Director Lars von Trier Discusses His Struggles With Addiction

Director Lars von Trier Discusses His Struggles With Addiction

By Paul Fuhr 04/26/18

"Alcohol is self-medicating, and sadly, insanely effective. The problem is when the alcohol level drops the anxiety hits you even harder."

Image: 
Lars Von Trier

Lars von Trier, the controversial Danish director of such films as Antichrist and Nymphomaniac, remains as polarizing a figure as ever.

In a new interview with The Louisiana Museum, Denmark’s arts channel, von Trier expanded on his well-documented struggles with addiction as well as his 2011 expulsion from the Cannes Film Festival (for making remarks about Adolf Hitler).

Von Trier, who’s preparing to return to Cannes with his psychological horror film The House That Jack Built, opened up about his demons in the revealing interview.

“I felt horrible during filming for this film, and that’s not anyone’s fault but my own,” the 61-year-old director admitted. “I was just anxious, alcoholized and so on. Now I’m in all sorts of associations where I’m trying to reach sobriety. But it’s hard. It’s really hard… Alcohol is self-medicating, and sadly, insanely effective. The problem is when the alcohol level drops the anxiety hits you even harder. It’s a non-solution.”

In many ways, his addictions seem to be the very things that fuel his desire to create films: “I try to avoid watching new movies because the worst thing that could happen would be that I got excited about something.”

At one point in the Palme d’Or-winning director’s career, he couldn’t imagine not working under the influence. The screenplay for 2003’s avant-garde crime drama Dogville, which starred Nicole Kidman and Lauren Bacall, was completed while von Trier was on a 12-day drug binge.

He also admitted to drinking a bottle of vodka every day to enter a “parallel world” that he felt was necessary to create. Once von Trier got sober to film the two-part Nymphomaniac, he argued that he wasn’t sure if he could be creative without drugs and alcohol.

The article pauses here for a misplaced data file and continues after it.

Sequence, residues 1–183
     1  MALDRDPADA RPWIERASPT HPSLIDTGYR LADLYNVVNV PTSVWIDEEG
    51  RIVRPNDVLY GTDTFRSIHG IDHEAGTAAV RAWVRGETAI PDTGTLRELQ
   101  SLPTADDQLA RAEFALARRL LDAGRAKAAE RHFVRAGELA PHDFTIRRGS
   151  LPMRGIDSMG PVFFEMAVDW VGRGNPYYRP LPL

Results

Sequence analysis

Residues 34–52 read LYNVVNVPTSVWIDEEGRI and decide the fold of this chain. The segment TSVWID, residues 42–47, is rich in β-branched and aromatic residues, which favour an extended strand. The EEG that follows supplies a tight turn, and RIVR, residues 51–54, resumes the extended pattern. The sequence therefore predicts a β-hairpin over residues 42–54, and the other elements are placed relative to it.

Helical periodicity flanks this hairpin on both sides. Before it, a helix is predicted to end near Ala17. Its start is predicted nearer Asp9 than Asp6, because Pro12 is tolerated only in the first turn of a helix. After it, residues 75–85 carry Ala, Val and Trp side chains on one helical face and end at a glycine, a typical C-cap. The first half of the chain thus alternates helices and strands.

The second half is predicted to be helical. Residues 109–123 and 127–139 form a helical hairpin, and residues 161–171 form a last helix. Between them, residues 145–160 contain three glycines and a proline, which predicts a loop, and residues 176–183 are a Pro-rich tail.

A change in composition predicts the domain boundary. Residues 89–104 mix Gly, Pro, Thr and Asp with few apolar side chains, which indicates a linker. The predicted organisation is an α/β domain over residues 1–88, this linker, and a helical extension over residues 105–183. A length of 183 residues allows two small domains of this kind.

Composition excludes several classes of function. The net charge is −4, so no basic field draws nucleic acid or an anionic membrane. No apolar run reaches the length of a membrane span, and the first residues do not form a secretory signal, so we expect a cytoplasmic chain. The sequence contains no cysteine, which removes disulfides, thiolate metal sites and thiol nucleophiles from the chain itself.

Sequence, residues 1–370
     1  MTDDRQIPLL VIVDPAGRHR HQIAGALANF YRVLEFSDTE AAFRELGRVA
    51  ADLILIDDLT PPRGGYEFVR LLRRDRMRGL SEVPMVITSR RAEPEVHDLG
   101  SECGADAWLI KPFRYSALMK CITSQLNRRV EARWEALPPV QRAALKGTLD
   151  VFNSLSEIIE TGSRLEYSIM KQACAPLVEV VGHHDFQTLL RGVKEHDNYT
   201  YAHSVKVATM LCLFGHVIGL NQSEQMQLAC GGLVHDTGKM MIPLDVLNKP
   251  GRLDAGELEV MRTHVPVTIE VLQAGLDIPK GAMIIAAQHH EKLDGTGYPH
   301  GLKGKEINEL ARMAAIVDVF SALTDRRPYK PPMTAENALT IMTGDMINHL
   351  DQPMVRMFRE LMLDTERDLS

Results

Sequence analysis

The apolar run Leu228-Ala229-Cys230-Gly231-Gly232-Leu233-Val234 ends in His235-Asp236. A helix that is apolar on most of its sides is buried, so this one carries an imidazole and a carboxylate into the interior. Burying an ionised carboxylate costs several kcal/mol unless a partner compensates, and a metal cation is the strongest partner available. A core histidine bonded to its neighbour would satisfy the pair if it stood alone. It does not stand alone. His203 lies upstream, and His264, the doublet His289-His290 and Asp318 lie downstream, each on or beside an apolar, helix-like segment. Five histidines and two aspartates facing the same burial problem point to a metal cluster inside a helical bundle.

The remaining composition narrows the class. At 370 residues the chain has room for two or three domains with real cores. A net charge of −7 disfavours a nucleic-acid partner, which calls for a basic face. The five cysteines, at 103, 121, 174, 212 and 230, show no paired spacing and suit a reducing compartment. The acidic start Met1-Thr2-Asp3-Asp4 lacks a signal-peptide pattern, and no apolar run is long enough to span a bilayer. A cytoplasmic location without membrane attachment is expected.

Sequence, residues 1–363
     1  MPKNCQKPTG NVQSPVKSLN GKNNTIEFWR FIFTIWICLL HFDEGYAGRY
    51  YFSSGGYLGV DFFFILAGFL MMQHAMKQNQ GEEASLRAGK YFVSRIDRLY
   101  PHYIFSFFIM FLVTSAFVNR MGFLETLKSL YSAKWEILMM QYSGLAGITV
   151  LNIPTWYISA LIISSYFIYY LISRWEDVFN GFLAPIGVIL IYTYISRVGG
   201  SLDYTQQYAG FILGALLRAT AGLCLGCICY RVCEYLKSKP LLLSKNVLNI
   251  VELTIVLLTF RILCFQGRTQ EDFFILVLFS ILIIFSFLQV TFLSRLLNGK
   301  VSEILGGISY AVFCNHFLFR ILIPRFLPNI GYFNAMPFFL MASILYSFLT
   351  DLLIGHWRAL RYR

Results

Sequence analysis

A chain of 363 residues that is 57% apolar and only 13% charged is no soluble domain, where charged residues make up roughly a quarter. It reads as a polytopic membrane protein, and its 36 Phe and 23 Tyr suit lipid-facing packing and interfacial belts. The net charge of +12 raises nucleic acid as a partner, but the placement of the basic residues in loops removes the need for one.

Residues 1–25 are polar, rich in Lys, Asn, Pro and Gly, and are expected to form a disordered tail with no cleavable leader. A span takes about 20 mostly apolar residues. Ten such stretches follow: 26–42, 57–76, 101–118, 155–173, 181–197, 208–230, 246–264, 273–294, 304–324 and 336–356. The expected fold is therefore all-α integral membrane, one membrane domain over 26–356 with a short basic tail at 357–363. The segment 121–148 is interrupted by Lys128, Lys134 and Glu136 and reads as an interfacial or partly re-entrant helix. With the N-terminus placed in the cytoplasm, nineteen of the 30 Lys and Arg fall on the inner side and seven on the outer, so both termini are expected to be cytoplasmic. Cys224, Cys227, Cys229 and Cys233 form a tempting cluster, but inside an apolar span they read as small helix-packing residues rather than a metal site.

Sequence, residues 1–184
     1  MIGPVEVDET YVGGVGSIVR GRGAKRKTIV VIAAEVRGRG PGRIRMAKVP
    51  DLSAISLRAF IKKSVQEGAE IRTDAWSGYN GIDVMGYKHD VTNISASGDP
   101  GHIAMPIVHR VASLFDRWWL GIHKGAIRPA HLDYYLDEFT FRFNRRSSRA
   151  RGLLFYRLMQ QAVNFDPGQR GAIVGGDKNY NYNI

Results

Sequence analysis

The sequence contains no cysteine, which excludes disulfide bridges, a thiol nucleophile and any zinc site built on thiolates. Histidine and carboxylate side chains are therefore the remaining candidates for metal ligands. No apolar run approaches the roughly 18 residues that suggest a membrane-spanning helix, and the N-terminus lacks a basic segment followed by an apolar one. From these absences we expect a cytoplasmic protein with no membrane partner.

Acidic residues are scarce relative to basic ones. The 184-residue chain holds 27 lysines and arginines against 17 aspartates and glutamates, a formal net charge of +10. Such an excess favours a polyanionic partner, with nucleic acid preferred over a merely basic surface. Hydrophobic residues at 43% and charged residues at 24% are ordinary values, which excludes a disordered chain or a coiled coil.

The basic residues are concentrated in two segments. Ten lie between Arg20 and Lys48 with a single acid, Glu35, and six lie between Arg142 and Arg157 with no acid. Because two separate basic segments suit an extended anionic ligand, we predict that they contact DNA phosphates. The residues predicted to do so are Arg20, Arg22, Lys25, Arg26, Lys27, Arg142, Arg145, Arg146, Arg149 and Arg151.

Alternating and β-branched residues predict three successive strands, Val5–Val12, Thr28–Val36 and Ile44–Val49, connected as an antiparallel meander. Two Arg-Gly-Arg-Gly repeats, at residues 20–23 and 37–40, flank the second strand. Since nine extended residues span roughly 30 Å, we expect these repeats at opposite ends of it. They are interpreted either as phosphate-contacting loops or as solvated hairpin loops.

“I don’t know if I can make any more films, and that worries me,” he told Variety in 2014. “There is no creative expression of artistic value that has ever been produced by ex-drunkards and ex-drug addicts. Who the hell would bother with a Rolling Stones without booze or with a Jimi Hendrix without heroin?” 

While von Trier said that he attended AA meetings every day for six months, he eventually returned to drinking.

For him, heavy drinking was a familiar, if not crippling creative process.

“When you shoot a film, it's hard work, and you tend to drink more,” he observed. “If you're an artist and you're drunk, you're more sensitive.”

Now, von Trier is making another go at sobriety—and, once again, the director finds himself uncertain about whether he can create. So much so, it seems, that he’s backing away from feature filmmaking.

“I can’t face making a film,” he said, noting that he next plans to make a series of black-and-white short films.

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Paul Fuhr lives in Columbus, Ohio with his family and two cats, Vesper and Dr. No. He's written for AfterParty MagazineThe Literary Review and The Live Oak Review, among others. He's also the host of "Drop the Needle," a podcast about music and addiction recovery. More at paulfuhr.com. You can also find Paul on Linkedin and Twitter.

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